Clearly the big story tonight was Dubya’s passion to solve the looming Social Security problem. IMHO he had a strong grasp on the issue and the only thing I could possibly quibble about is that I wish he had noted that if nothing is done, there will be automatic across-the-board cuts for everyone once the Trust Fund runs out. (He did, to his credit, cite the CBO figure that every year without reform costs us another $600 billion in unfunded liability.) It looks like Bush is throwing his support behind the Robert Pozen plan of “progressive indexing.” In this plan, lower-income Americans will keep the same benefits formula which is largely indexed to wages while higher-income Americans will see a shift towards price indexing. In all cases, the future benefits for everyone will at least equal the current value of the Social Security benefit today. But since wage growth is typically larger than the rate of inflation, the wage growth benefit will be much larger in constant dollars in the future.
[Get ready for the Democrats to demagogue this point as a “cut” because for many workers they would receive less than the current formula offers. (Once again: nobody would receive less in constant dollars under price indexing.) In their mind, a 20% cut by design is much, much worse than an automatic 20% cut in the future.]
Despite Bush’s strong argument for personal accounts and expanding the “investment class,” I don’t think he really “moved the ball” on this issue. The opposition will continue to oppose as if that’s a badge of principle – well, good for them. My feeling all along is that the Social Security fight is a win-win proposition for President Bush. I know this concept confounds certain people, but Bush is fighting both the battle and the war. Even if reform is sent down to defeat, almost certainly by a Democratic filibuster, as a minimum Bush will have demonstrated leadership on a contentious issue and raised the profile of a fiscal crisis that will affect all Americans.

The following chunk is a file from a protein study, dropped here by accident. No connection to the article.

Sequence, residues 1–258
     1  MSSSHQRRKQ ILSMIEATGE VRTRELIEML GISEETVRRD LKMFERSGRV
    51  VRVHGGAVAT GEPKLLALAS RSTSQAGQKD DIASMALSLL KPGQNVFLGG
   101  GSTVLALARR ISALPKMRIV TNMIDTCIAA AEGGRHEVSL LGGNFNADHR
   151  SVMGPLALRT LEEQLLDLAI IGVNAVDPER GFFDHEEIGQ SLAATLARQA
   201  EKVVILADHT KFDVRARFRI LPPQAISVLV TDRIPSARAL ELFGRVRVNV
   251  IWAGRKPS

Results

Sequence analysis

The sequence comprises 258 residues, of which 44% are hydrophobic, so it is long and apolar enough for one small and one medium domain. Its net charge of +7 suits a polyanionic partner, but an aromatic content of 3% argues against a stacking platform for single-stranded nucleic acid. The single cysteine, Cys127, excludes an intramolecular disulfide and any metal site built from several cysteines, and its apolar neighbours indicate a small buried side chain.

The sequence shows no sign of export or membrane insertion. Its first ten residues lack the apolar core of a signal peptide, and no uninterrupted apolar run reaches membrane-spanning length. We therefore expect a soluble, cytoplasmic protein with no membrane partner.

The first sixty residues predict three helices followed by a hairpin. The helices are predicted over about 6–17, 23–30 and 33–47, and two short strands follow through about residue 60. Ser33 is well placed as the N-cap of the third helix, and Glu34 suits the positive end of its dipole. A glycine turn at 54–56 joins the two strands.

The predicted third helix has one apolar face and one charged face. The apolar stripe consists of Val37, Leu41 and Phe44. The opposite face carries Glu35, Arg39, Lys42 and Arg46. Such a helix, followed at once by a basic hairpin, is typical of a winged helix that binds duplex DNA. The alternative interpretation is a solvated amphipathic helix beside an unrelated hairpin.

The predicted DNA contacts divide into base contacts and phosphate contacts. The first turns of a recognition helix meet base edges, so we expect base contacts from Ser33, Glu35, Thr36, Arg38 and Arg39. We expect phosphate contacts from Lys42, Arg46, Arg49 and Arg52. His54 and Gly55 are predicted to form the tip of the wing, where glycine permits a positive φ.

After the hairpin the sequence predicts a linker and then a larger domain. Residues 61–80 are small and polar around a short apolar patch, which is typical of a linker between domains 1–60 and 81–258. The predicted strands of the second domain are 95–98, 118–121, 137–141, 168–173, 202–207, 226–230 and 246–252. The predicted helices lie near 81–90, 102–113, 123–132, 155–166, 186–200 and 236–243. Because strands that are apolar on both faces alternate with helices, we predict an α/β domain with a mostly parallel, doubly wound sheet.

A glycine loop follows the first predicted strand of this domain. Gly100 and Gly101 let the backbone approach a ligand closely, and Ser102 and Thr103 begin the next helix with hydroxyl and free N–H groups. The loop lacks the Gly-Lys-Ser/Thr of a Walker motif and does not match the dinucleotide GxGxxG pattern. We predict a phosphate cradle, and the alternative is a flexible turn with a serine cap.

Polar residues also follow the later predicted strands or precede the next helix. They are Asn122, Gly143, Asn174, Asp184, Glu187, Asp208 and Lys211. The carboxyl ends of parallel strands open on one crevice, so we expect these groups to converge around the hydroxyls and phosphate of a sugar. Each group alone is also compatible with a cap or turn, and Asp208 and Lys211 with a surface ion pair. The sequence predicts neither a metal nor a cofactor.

In fact assume that a Republican bill to reform Social Security does not pass through Congress. In every poll taken on this issue, the desire for personal accounts rises dramatically depending on age. With no government-sponsored personal accounts, younger Americans will see the handwriting on the wall and set up their own “add-on” accounts, pouring money into 401(k)s and IRAs. As time passes, it will become apparent that Social Security offers a very low (and in some cases, negative) rate of return. When the social and fiscal justification for Social Security as a retirement supplement becomes irrelevant, the political support for this Ponzi scheme will collapse.
I’ve said it before: if the Democrats truly want to save Social Security, they’ll engage the President, propose ideas, and try to shape the debate. They can defeat reform now, but the unchangeable reality of demographics and generational inequity will push working Americans into the investor class, one way or another.
Background: Fox News poll on President Bush and Social Security (story / poll)
Overall, fully 79 percent of the public think people under age 55 should have the right to choose between keeping all of their Social Security contributions in the current system and investing a portion of their funds. That support goes up to 84 percent among respondents under age 55.And it’s approaching unity for the 30 and younger (aka the "automatic cuts") set.